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A recent government consultation aims to lay out a new future for the higher education sector by clamping down on ‘low-value’ courses and reducing outstanding loans, but will this inadvertently spell trouble for arts degrees?

The higher education sector is a thriving economy that saw 37.9 percent of the entire UK 18 year old population attend university in 2021.

The removal of the student recruitment cap in 2016 has prompted many universities to add courses to their portfolio in order to attract a wider range of students and increase their revenue.

As a result, institutions have moved away from subject specialism to offer a full range of degrees from business to zoology.

While this seems a positive development, the cost to students remains the same, regardless of the career opportunities their degrees provide after university. In 2016, only four out of 115 universities set their fees at less than £9000, which rose to £9250 in 2017.

In response, the government recently concluded two consultations to ‘improve outcomes, access and value for money’. It aims to tackle the £161 billion in outstanding student loans for ‘low-quality’ courses that supposedly don’t benefit the student in the long run. Courses identified could see their funding capped.

However, what’s left open for question is how a ‘low-quality’ course is defined and who makes that decision.

Many graduates may recall being asked to complete a graduate outcomes survey at various stages after leaving university. What’s less well known is that the outcome of this survey is a major factor in informing the value of degrees and university league table rankings.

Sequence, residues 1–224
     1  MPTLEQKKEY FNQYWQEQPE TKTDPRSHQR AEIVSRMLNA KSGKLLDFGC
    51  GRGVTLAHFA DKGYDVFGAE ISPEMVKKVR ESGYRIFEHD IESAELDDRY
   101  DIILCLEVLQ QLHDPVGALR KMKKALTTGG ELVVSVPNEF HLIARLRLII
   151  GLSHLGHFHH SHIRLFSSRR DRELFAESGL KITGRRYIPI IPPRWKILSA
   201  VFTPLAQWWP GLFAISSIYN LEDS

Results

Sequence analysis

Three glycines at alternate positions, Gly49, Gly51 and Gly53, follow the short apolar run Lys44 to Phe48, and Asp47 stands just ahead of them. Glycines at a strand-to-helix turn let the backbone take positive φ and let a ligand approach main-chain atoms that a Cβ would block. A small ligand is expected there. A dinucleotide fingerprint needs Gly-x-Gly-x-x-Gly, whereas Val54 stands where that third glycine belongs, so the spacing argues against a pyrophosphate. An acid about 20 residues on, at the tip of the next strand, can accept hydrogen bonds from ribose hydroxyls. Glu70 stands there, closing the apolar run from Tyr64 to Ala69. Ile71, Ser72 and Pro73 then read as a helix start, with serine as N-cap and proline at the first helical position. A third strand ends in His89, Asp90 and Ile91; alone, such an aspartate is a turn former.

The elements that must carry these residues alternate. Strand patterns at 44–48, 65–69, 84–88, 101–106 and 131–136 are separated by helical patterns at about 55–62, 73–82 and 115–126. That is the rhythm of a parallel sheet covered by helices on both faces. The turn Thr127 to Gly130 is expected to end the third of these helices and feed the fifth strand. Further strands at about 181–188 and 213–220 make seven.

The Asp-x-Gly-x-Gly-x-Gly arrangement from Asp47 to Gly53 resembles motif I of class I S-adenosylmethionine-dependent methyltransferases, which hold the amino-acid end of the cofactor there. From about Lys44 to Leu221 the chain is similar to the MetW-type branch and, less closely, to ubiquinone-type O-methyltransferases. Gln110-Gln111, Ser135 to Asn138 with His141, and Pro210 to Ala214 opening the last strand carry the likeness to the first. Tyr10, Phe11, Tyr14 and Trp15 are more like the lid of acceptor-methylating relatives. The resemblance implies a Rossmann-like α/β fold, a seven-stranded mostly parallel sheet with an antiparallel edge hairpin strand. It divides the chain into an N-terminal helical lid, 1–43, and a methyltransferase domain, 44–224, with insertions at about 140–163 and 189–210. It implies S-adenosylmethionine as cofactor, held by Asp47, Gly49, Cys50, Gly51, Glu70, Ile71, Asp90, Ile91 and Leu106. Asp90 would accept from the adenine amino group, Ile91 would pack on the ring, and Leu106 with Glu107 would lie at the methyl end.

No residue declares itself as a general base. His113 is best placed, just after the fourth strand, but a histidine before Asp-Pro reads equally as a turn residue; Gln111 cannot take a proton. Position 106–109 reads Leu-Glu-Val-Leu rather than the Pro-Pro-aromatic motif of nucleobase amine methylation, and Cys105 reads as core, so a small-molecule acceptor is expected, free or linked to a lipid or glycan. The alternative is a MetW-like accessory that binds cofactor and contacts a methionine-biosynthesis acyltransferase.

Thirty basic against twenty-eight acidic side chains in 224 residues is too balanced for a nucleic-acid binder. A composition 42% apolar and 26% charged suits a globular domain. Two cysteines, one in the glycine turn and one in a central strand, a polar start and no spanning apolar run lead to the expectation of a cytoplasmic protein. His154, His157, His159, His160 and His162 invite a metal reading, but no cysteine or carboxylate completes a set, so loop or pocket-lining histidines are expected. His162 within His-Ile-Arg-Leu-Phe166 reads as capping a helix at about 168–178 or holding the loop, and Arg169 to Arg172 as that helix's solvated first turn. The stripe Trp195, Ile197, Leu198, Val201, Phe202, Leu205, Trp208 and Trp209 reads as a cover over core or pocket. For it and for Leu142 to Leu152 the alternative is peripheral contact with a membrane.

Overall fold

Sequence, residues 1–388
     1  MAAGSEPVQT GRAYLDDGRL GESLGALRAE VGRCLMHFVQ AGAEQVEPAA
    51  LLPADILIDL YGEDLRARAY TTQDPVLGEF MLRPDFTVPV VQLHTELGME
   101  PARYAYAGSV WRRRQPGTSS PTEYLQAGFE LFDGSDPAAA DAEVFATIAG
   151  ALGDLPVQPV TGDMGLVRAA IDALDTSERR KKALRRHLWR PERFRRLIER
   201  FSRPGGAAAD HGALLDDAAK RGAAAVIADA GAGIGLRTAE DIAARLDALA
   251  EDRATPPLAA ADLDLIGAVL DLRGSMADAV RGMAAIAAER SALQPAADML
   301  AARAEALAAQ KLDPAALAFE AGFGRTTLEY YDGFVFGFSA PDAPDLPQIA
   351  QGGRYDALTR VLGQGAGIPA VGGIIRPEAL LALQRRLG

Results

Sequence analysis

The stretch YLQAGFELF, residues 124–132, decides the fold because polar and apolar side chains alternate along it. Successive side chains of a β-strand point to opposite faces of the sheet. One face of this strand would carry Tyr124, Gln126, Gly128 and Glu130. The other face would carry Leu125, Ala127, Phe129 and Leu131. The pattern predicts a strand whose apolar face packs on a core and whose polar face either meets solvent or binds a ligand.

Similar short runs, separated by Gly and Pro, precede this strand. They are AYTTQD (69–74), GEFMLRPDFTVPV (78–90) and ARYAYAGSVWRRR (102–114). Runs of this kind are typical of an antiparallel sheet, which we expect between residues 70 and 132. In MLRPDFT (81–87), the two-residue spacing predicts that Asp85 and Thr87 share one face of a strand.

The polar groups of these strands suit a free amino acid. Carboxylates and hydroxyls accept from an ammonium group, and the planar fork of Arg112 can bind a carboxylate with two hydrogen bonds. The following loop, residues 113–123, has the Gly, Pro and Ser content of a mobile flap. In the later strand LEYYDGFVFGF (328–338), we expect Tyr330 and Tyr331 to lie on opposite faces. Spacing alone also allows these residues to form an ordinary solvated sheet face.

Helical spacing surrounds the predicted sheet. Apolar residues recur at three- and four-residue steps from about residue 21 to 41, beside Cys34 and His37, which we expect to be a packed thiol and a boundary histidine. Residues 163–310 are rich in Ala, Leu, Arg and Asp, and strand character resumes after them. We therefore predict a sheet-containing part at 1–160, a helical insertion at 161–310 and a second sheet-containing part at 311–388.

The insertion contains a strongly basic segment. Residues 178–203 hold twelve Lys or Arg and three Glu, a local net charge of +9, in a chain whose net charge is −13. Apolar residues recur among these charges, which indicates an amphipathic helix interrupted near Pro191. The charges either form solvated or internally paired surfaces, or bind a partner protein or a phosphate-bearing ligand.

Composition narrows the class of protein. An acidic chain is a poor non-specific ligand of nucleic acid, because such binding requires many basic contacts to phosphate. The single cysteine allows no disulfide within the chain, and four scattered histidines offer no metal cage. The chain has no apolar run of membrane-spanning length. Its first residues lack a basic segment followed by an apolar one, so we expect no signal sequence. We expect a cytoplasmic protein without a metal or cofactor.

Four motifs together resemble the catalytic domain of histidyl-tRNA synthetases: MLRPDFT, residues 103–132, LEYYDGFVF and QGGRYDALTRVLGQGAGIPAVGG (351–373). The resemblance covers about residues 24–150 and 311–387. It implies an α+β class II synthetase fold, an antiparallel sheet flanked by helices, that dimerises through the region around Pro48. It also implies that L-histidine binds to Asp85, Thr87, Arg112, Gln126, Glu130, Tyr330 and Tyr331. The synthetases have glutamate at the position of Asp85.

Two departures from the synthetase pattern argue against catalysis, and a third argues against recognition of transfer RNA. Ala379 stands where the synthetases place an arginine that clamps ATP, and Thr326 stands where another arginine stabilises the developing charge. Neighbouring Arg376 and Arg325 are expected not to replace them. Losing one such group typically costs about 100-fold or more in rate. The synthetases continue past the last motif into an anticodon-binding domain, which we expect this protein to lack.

Graduate outcomes are measured by gauging the level of employment of students 15 months after their graduation. Those in professional, highly paid jobs create high scores for their course on the graduate outcomes survey which, in turn, ranks the course highly on the league tables.

This black and white analysis of ‘value’ creates a potentially concerning future for the arts. Many careers in the arts, by nature, are not classified as professional. This includes textiles, printing and personal service occupations in art-based fields. Not only does it cast a shadow over the future of creative subjects, many humanities courses are also at risk. The Office for Students highlighted social policy and anthropology as vulnerable subjects because of their low graduate outcomes results, as determined by a limited measurement model.

It is possible that assessments based on a binary evaluation of course outcomes could see many of these courses lose their funding.

The potential loss of a wide spectrum of creative degrees leaves open the possibility of huge knowledge gaps in valuable sectors of work. Many industries could miss out on important skills and diversity of thinking that comes from the creativity, analysis and critical thinking required in many of these courses.

At a time when society is heralding the benefits of a broad workforce, it feels like a concerning and retrograde step.

Helen Barker is a senior account executive at Camargue